Your boat is from 1971 and obviously was doing fine. Going on a long cruise where Marinas can become sparse and fishing-ports more of an option is something completely different than keeping your boat in a well protected space and nicely cushioned.

    I think this is a question you've got to ask yourself what you would like to do with your boat.
    fair winds, Dody

    "They did not know it was impossible so they did it" - Mark Twain

    http://forum.woodenboat.com/showthre...h-Tonga/page12

  5. #5
    Join Date
    Oct 2008
    Location
    Walney, near Cumbria UK
    Posts
    39,721

    Default Re: Epoxy sheathing a cold-molded Sparkman Stephens - is fibreglass necessary?

    Glass sheathing does add abrasion resistance, helps stop the epoxy cracking along the wood grain and stops the planking glue lines printing through the paint.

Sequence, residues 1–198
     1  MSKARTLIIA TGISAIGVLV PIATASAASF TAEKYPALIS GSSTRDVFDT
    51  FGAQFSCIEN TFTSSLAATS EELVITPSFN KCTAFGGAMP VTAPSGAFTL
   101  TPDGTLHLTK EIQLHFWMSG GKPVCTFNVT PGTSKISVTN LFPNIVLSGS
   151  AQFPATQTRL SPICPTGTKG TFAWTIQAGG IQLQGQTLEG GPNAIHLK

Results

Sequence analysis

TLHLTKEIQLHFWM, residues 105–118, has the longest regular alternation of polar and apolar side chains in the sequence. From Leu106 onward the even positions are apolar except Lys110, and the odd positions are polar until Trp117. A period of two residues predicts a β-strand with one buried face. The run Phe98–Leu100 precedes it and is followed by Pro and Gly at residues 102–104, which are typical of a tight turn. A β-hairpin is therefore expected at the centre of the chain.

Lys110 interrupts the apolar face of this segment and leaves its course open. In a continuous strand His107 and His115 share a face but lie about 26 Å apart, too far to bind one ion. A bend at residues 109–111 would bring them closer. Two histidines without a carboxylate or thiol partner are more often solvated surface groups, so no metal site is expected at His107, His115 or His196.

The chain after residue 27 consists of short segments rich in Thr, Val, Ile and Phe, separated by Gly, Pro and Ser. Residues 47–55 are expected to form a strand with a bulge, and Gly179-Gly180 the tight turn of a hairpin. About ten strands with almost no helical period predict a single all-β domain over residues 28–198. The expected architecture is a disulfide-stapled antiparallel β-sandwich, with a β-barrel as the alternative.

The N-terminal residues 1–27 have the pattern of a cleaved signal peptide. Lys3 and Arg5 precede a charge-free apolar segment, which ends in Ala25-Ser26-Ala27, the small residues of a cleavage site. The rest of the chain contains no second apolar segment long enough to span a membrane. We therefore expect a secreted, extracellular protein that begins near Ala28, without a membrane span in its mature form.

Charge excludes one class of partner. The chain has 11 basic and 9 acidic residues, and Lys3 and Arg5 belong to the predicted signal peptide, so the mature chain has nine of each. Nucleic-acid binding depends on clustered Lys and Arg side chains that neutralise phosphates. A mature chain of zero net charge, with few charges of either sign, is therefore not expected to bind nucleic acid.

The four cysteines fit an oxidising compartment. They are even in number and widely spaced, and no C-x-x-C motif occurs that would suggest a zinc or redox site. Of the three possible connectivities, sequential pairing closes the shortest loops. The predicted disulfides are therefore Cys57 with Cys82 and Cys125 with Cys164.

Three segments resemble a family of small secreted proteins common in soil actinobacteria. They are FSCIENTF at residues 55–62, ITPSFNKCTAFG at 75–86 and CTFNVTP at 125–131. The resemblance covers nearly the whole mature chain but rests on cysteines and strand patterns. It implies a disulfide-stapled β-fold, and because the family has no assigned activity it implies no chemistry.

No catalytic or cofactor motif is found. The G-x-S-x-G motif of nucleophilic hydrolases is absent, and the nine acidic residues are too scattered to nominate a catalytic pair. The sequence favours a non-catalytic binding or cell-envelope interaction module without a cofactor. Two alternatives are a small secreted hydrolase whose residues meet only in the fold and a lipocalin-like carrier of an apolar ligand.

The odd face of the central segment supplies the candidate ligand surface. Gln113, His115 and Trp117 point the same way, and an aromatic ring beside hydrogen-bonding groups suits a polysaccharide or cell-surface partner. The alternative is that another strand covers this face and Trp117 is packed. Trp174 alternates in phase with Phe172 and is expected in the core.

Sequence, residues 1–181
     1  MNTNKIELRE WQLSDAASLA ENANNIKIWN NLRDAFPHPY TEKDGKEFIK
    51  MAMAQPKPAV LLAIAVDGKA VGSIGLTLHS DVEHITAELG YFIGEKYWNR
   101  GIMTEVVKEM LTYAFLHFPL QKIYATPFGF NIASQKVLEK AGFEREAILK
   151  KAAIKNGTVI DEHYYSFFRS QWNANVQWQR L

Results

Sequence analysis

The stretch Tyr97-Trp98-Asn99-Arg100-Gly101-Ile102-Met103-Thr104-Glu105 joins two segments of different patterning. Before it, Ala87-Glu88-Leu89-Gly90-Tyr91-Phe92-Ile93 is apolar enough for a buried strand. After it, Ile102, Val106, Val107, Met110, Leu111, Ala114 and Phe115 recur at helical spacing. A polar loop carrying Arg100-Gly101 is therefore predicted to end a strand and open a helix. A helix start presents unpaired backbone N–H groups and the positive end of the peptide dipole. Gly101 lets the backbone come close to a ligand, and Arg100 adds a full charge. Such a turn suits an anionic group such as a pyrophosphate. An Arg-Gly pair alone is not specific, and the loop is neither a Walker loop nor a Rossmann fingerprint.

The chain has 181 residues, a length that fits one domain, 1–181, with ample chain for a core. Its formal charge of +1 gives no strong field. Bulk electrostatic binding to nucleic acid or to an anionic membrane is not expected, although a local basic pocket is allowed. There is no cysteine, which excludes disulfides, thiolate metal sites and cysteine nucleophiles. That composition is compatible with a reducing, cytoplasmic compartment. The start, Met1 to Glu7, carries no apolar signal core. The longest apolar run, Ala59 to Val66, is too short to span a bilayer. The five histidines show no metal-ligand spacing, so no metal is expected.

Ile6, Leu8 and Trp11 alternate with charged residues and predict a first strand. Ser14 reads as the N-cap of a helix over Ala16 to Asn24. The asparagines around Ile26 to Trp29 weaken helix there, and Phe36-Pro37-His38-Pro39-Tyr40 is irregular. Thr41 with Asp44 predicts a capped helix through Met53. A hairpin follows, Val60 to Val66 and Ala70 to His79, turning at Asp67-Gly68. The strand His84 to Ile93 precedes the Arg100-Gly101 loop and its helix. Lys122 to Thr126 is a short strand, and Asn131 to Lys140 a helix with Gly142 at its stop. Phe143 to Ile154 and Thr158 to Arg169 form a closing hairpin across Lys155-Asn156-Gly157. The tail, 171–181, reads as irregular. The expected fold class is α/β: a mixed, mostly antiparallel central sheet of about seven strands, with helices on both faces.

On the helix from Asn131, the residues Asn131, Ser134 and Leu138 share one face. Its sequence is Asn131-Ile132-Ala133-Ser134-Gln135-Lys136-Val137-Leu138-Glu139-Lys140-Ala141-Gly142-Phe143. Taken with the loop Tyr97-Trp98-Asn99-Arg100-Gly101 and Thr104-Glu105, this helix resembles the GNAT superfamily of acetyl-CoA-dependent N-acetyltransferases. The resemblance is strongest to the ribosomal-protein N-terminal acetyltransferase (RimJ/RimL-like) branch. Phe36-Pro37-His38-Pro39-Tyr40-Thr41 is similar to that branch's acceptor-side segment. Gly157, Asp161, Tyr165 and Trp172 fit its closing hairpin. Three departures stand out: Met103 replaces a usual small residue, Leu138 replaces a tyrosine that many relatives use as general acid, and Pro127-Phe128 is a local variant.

It really is quite difficult to build an ugly wooden boat.

    The power of the web: Anyone can post anything on the web
    The weakness of the web: Anyone can post anything on the web.

  6. #6
    Join Date
    Jan 2016
    Location
    Bolton, Massachusetts, USA
    Posts
    91

    Default Re: Epoxy sheathing a cold-molded Sparkman Stephens - is fibreglass necessary?

    At the risk of further complicating your decision process, have you considered Xynole (polyester) fabric in lieu of fiberglass. (http://www.raka.com/xynole.html) I'm building a small cold-molded sailboat and have been considering that fabric for the sheathing. It is reported to be more impact and abrasion resistant (than glass) though I have seen no actual data to support this claim. I used this cloth set in epoxy to line the interior portions of the centerboard trunk. It handles nicely, though it does absorb a lot of resin.

    My personal preference would be to sheath your beautiful boat in something (cloth + epoxy resin). Good luck.

  7. #7
    Join Date
    Jun 2000
    Location
    Madison Wisconsin
    Posts
    8,953

    Default Re: Epoxy sheathing a cold-molded Sparkman Stephens - is fibreglass necessary?